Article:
Verona -- Hon. Paolo De Castro lines up with the position of the new president of the Agriculture Commission, Rumanian Dacian Ciolos: 'Ensure the needs of consumers for food safety and the right for a safe experiment by agriculturists.' The future of the CAP after 2013 will be discussed at European level in the next few months. 'However, agriculture - that takes almost 40% of the EU financial statement - will receive less finance.'
A visit to Fieragricola 2010 to take part in the international Unima-Ceettar convention by the President of the Agriculture and Rural Development Commission of the European Parliament, Paolo De Castro, who also touched on the GMO question that catalysed debate on the first day of Fieragricola.
De Castro takes a very balanced position. 'I fully agree with the words of the Agriculture Commissioner, Dacian Ciolos,' De Castro declared. 'And that is we must ensure and respect the needs of consumers for food safety but also the right of agriculturists to a safe experiment. Agriculture has more need for science that ideology.'
De Castro - accompanied at the Press Conference by the President of VeronaFiere, Ettore Riello (who emphasised 'the role of Fieragricola in re-launching the primary sector and the importance of the visit by president De Castro'), and Director General, Giovanni Mantovani - also spoke about the future of the CAP. 'In the few next months, there will be discussion of the future of the CAP after 2013,' he said 'I think that the funds available to agriculturists are destined to fall, if other policies involving funds from the EU financial statement are to be put on their feet. In short, these involve infrastructures and new immigration policies but we should also bear in mind that resources are unchanged and that agriculture, inasmuch, will receive less finance.'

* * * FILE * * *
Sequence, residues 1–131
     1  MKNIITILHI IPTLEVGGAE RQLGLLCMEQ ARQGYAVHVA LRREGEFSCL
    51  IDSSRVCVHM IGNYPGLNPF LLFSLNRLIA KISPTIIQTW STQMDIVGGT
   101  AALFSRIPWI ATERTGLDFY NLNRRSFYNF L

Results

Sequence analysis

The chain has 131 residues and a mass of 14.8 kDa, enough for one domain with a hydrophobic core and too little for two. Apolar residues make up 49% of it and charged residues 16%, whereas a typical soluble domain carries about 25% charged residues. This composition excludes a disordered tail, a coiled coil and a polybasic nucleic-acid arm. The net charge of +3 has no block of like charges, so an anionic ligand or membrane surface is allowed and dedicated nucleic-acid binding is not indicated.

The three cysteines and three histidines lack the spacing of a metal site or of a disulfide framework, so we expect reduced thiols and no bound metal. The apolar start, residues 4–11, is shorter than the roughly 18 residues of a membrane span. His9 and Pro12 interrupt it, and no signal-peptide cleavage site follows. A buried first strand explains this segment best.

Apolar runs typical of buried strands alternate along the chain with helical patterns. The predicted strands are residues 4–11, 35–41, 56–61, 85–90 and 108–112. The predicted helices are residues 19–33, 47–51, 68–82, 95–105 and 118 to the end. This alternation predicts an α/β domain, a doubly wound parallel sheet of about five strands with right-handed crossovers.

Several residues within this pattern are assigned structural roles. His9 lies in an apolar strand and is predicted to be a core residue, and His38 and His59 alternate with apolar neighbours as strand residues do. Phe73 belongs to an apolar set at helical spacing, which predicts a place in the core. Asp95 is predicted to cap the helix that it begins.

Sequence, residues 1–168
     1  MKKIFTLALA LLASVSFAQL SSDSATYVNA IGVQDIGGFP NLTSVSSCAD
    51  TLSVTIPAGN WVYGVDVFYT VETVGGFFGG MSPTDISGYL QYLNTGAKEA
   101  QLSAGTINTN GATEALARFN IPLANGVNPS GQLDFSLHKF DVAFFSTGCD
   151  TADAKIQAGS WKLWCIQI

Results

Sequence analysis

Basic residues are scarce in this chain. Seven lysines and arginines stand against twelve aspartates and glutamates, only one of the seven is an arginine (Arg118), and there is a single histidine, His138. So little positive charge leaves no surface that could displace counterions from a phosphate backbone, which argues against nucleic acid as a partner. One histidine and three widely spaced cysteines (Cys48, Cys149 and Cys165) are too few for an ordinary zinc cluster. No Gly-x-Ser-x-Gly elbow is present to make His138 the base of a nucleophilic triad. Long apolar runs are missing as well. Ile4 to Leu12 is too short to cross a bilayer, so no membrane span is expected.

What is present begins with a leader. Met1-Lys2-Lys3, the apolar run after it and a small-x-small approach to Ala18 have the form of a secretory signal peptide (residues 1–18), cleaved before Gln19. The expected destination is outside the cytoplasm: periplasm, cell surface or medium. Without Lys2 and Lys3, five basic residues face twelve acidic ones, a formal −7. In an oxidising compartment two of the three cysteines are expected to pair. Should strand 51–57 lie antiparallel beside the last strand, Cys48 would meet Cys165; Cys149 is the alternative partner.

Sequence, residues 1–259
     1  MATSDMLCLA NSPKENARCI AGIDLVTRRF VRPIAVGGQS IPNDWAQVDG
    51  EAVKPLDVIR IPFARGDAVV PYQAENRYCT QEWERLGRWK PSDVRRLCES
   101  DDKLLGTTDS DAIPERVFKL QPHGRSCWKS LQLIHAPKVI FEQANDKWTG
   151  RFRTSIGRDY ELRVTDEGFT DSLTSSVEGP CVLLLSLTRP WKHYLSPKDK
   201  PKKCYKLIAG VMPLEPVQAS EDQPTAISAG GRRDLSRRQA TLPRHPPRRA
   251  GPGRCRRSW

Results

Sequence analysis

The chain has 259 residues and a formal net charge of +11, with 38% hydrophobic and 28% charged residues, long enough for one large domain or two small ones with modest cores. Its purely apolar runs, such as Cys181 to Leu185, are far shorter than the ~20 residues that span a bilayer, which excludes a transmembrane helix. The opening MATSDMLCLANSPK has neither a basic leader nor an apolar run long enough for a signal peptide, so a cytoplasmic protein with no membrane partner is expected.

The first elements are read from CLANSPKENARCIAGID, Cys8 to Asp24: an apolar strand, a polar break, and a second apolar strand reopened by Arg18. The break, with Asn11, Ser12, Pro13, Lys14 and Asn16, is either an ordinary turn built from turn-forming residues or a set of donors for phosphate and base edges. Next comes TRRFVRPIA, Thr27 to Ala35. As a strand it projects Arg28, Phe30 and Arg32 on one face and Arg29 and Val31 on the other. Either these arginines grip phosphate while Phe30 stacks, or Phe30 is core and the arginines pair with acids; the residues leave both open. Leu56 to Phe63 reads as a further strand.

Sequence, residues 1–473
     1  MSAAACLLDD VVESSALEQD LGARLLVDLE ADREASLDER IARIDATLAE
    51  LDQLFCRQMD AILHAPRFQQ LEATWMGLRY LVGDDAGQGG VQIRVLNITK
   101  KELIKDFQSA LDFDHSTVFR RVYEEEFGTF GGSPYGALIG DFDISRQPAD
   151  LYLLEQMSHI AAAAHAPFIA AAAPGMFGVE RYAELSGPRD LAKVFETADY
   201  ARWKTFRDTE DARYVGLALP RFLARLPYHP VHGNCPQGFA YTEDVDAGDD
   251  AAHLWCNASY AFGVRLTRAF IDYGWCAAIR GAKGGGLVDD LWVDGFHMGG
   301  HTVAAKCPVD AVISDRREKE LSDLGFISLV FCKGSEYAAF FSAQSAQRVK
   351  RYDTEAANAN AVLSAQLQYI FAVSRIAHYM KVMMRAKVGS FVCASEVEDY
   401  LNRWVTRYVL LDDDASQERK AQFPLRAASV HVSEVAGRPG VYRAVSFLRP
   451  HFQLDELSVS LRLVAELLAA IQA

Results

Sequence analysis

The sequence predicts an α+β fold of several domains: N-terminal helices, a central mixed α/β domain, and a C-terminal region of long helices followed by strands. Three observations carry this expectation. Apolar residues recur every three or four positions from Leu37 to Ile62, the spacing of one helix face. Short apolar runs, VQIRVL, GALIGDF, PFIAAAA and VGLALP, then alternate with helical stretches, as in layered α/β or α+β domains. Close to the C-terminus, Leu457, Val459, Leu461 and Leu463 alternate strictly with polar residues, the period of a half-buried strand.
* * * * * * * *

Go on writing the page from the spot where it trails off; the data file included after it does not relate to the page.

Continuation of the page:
With the implementation of the Treaty of Lisbon, in any case, some decision-making mechanisms will change. 'The European Parliament last 1 December expressed binding and compulsory opinions,' he explained. 'Yet there is no reason to consider this as “the lobbyers paradise”, as the former president of the Agriculture Commission, Mariann Fischer Boel, said recently.